Will More Regulation Help This Sector Succeed?

This morning, I started to respond to a post at the blog of the National Committee for Responsive Philanthropy – an organization I have recently come to know and respect.

The response got so long that I thought I would instead post it here.

The questions raised by NCRP board member Gary Snyder were multiple. Here are just a few:

• Why is the IRS monitoring and giving training programs to charities when there is a large network of organizations (IS, Board Source, state associations, more) that are doing the same?
• Is the IRS being “helpful” and “watchful” going to eliminate the taint on charitable sector?
• Where are the efforts to instill confidence to a sector that has diminishing trust by donors?
• Has the vast amount of money spent on board training shown any benefit?

Herewith, my response to Gary:


Several thoughts arise in considering your own thoughtful questions. I offer these in no particular order.

First, clearly there are forces concerned about this sector’s performance. However, rather than aim their considerable talents at results-focused questions (“How can we ensure we are achieving more significant improvement in communities?”) they are aiming at a handful of easily quantifiable contributing factors. Money. Conflict of interest. Etc.

Second, the “powers that be” tend to have a patronizing attitude towards this sector, believing we are all “cute little well-meaning do-gooders” who cannot be trusted to create strong, accountable systems. It is analogous to having a machine shop with faulty systems that preclude great productivity, where the machinists know precisely what it would take to fix the problem, but instead the owners keep blaming the machinists for the lack of productivity.

Individuals go where systems lead them.  Systems in this sector are not set up to create visionary improvement in our communities.  Organizational planning doesn’t aim at creating significant community change, governance clearly doesn’t aim towards it, and competitive funding systems create a “competing for scarce resources” culture (and then complain that everyone is competing!).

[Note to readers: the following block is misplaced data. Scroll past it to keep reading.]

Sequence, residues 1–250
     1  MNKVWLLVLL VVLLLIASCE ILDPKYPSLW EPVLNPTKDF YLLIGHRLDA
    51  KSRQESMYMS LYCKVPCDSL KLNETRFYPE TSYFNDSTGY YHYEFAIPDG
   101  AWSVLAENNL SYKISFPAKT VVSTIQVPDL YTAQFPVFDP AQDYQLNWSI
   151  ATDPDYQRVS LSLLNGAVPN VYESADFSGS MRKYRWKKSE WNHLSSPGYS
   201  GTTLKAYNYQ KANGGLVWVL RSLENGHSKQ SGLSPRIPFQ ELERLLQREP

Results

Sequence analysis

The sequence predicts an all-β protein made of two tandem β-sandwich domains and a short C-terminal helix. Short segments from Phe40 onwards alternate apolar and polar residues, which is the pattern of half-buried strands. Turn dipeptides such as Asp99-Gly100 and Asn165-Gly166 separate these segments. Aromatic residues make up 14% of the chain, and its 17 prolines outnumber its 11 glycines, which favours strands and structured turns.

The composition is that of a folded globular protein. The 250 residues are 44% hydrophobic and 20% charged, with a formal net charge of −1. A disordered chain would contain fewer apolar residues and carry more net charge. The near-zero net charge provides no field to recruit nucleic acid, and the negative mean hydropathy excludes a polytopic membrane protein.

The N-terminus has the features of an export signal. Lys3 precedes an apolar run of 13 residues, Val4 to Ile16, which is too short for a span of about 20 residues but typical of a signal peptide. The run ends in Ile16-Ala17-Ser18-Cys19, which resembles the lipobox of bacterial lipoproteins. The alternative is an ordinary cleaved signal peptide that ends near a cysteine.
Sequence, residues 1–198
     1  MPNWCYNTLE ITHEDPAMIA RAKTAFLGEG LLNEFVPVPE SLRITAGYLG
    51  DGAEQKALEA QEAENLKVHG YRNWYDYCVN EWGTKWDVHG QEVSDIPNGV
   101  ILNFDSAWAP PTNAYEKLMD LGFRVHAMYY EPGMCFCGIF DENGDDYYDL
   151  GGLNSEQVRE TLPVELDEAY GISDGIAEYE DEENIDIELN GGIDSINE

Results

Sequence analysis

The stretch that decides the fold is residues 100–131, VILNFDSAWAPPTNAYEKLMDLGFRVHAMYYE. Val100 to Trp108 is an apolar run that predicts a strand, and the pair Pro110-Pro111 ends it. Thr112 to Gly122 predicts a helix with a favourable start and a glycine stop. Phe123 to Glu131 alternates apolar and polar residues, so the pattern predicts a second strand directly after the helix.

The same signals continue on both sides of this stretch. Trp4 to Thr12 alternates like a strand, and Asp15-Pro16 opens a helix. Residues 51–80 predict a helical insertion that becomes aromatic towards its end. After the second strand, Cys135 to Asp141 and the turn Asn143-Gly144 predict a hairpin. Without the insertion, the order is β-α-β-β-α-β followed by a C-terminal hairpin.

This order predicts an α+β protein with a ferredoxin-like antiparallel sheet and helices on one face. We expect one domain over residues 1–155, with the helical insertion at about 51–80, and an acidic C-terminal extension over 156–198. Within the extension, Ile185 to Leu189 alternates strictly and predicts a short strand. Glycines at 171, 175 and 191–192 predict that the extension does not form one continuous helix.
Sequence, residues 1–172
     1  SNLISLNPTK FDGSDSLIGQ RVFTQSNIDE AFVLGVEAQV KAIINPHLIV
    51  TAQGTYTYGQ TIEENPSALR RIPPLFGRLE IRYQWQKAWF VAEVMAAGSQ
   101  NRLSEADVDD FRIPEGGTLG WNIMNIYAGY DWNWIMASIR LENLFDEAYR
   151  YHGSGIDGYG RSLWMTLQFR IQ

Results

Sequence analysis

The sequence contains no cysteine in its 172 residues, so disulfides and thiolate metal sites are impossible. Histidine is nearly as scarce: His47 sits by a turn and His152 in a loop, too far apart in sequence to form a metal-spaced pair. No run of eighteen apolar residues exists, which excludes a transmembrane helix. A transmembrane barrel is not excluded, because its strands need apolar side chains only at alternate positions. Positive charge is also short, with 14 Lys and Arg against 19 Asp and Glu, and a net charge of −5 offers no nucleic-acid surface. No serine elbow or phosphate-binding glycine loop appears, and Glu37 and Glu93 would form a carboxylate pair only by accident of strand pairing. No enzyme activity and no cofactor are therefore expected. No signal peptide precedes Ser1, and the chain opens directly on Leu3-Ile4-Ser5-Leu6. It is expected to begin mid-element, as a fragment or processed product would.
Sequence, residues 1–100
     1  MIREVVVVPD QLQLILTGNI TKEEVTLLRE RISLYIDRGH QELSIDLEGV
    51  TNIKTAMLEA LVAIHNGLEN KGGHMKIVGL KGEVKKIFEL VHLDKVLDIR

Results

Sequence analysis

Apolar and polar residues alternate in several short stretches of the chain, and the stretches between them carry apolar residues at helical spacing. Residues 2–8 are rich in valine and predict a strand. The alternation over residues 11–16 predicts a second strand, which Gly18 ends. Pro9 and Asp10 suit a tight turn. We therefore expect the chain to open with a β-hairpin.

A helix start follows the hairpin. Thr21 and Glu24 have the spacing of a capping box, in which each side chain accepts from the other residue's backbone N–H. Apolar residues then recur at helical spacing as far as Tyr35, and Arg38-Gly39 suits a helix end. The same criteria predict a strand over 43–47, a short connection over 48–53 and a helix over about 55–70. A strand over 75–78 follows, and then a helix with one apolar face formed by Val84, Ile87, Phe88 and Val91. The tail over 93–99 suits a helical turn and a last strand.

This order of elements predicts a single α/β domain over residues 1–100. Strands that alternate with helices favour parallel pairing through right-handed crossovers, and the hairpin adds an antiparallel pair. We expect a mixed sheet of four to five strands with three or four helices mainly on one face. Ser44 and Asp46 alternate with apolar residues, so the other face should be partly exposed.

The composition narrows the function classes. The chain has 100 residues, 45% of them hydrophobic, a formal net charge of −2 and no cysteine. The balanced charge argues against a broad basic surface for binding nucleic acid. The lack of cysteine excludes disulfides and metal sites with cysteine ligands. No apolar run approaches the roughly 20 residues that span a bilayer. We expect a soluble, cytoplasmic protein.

The only answer we have found that actually works in this round-robin is to stop blaming (and from that blame, aiming all our fix-it power at) the handful of symptoms that happens to be easy to see. The answer instead lies in aiming at the future we do want for our world, and reverse engineering what this sector would need to be to achieve that.

Until we stop randomly trying to treat the sector’s symptoms, we are doomed to be asking the same questions you raise, over and over, while communities still show little sign of improving.


So what is the answer? It begins by understanding the systems that led us to this point – the cause and effect that got us here.  The history of that cause-and-effect can be found in the Introduction to The Pollyanna Principles.

The answer lies in making the change-the-world difference we committed to make. You can bet if this sector was creating visionary and rapid change in our world, there would be less impetus on the part of powers-that-be to wonder just what it is folks are doing with “all that money.”

And how does that address the “accountability and transparency” issue? Easy. We cannot create significant change if we are standing on the roof throwing dollar bills to the wind. We can only create such change if we are accountably watching over the means – the money, the policies, the etc. and the etc.

If we aim our accountability at risk management compliance, will we even remember to look up and see the reason we are doing this work in the first place? Or is it more likely we will just always find more things we are scared might go wrong?

If, however, we aim our accountability at the visionary change that drives us to do this work in the first place, we will use effective and solid means towards that end.  We will be accountable for the money on the way to being accountable for creating change.

The answers, as Gary Snyder suggests, are right here in the room.

How can we re-aim this sector’s systems towards accountability for end results AND accountability for the means? Find out in The Pollyanna Principles.

2 Responses to Will More Regulation Help This Sector Succeed?

  1. It’s unsurprising that an organization focused on money would use the Business Model to model community benefit organizations. (I just read that part!) Again, it’s all about shifting perspective rather than treating symptoms.

    The whole thing reminds me of the Daniel Quinn quote: “If the world is to be changed, it will not be by old minds with new programs, it will be by new minds with no programs at all.”

  2. Pace:
    Nice to see you here! Thanks for your comment (especially love the quote!) – and I love watching your reading progress!

    Having seen some forward-thinking funder-driven initiatives to re-think these questions (including the work of NCRP, from whence the initial blog post that prompted my post here), I am not wholly pessimistic about their ability to re-think. So I think it will take both – those who are on the outside, as well as those on the inside who are willing to be uncomfortable for a while, as change and discomfort do tend to go hand in hand.

    Can’t wait to see more “aha’s” for you as you keep reading!! (And BTW your book is doing the same for me – much good stuff there!)